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I'm new here, so here we go.. I previously was a young Telecommunication Engineer, but i mainly did IT solutions architect stuff in that area, since a year ago iv been doing a part-time MBA at a top university as well. I was recently appointed as part of the PMO of my company which is something iv wished to be part of, now I do roles such as Program Coordinator, Resource Management and some junior Project management stuff, I also have A great Mentor! But I was asked if I'd like a roll at a client site to work as a Commercial Manager (Program Manager), but I really like what I'm doing now as it aligns with what I'm studying, but then again will the other path be a better option?, I really am interested in the high level area of the business and don't wan to get back to all the deep technical stuff even though i was really good at it. I'm not sure what to say, I can see that I like my new role as part of the PMO so much!, I would hate to go to the other role and regret it, but is the other role a better opera unity for career growth, I'm not even sure what Program Managers do really. What's your idea?, can someone gimme any guidance, pointers?

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closed as too localized by CodeGnome, Mark C. Wallace, Tiago Cardoso Feb 9 '13 at 0:47

This question is unlikely to help any future visitors; it is only relevant to a small geographic area, a specific moment in time, or an extraordinarily narrow situation that is not generally applicable to the worldwide audience of the internet. For help making this question more broadly applicable, visit the help center.If this question can be reworded to fit the rules in the help center, please edit the question.

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Hi @I AM L. Welcome to PMSE. Your question is a little bit borderline for this site (it might be a better fit for workplace.stackexchange.com) but I think what you're ultimately trying to understand is the differences a program manger, program coordinator, project manager and resource manager. The community can probably help on that but I think your post needs a bit of an edit to clarify. –  Willl Feb 7 '13 at 13:42
    
Hi @Willl, thank for responding, I do have an idea of the differences between them, but I'm do lack a bit of knowledge around what Program Mangers do and what to expect from a career path and career growth as a Program Manager compared to my current role, I have also posted my question on the other stack exchange site (thanks for telling me this btw), but I would like to hear some idea and options from Pm's like yourself to see what they have to say. –  I AM L Feb 7 '13 at 13:51
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Hello @IAML, welcome to PMSE! Questions duplicated in more than one community is discouraged. I'd say your question is too specific (even @ Workplace) since it's unlikely to have other community members living the very same specific situation you're mentioning. Would you be able to think of a way to put your question is a way that other people could take advantage of the answers? –  Tiago Cardoso Feb 7 '13 at 14:10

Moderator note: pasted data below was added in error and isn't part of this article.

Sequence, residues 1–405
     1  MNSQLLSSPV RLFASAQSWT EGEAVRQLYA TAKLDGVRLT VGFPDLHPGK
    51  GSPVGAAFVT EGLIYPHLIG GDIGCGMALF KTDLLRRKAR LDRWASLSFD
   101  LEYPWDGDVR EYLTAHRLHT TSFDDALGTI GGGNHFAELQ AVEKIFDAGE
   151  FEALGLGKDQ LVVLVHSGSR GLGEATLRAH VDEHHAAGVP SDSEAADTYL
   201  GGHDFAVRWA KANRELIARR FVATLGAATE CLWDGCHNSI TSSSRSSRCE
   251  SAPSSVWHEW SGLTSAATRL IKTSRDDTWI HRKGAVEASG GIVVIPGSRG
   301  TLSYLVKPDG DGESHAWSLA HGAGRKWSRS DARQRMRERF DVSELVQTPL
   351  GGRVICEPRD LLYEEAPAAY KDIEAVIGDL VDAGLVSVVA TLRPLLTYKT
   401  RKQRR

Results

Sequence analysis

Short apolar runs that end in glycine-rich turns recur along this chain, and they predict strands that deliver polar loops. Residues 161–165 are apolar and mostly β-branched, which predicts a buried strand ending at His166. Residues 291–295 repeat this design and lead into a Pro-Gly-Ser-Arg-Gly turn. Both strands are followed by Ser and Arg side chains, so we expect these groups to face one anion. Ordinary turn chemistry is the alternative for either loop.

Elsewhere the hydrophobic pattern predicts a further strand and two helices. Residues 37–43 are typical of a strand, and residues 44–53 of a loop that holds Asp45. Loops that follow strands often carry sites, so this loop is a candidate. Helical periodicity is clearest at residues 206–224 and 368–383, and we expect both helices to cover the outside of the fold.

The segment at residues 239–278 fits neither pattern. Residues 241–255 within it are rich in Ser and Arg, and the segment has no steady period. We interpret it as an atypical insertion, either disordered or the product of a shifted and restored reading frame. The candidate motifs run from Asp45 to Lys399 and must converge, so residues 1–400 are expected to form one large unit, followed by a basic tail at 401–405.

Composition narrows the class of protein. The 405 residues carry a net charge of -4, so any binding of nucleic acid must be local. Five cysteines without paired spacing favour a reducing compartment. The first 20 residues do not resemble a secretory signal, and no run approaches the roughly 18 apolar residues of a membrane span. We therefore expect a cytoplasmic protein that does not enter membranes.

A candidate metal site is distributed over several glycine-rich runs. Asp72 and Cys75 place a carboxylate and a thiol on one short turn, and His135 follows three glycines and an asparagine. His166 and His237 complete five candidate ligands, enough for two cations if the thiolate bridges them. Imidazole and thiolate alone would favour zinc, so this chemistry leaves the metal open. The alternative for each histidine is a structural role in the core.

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While specific questions about the project management career track are technically on-topic here, what you're looking for seems more like individualized career counseling, and as such is Too Localized. Unfortunately, your question will be off-topic on Workplace too, as it is not something for which a canonical answer is even possible. –  CodeGnome Feb 7 '13 at 19:09

1 Answer 1

up vote 0 down vote accepted

Bottom line is your career is a project... so figure out what the end-state is, the requirements you need to get there and stay focused on these so that you can get what you want according to your schedule.

  • Define schedule. Decide what your planning horizon is for your career. You can have more than one (e.g. horizons of 2 years, 5 years, 10 years)
  • Define scope. Figure out what role and position you want to have at the end of your time horizon. Then research what the requirements are, not only in your own organization but more importantly in the "great big world". See if you can find commonalities in these requirements and list them in what you perceive to be the priorities that companies are looking for.
  • Define budget. What are you willing to sacrifice in terms of time and treasure to get to where you want to be?
  • Evaluate risk. Are there risks to saying "No" to the new position you mention? Are there risks staying in your current company vs going somewhere else? What happens if you miss your goals? etc etc etc...
  • Have a valid business case. Evaluate the sum total of all the costs and benefits for where you want to be and what it will take to get there. Things like salary and position are easy to quantify, but you need to be sure to factor in life benefits like relationships etc if those are important to you.
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Whoa, inception... The OP is wondering about project management and you tell them that wondering about project management is a project and therefore project management. –  MrFox Feb 7 '13 at 16:17
    
Yes Grasshopper, it is like the sound of one hand clapping. –  Doug B Feb 7 '13 at 18:22
    
I currently have an awesome mentor which is of big value, I guess I might stick to my current role in Governance and Resource Management along with the junior Project Management training, which will then hopefully lead me to a project management role with more opera unities compared to a contract role at a client site. Thanks @DougB your answer really guided me to think in the right direction. –  I AM L Feb 7 '13 at 21:44
    
@CodeGnome of course, I was planning to and thank you all in advance –  I AM L Feb 11 '13 at 10:45

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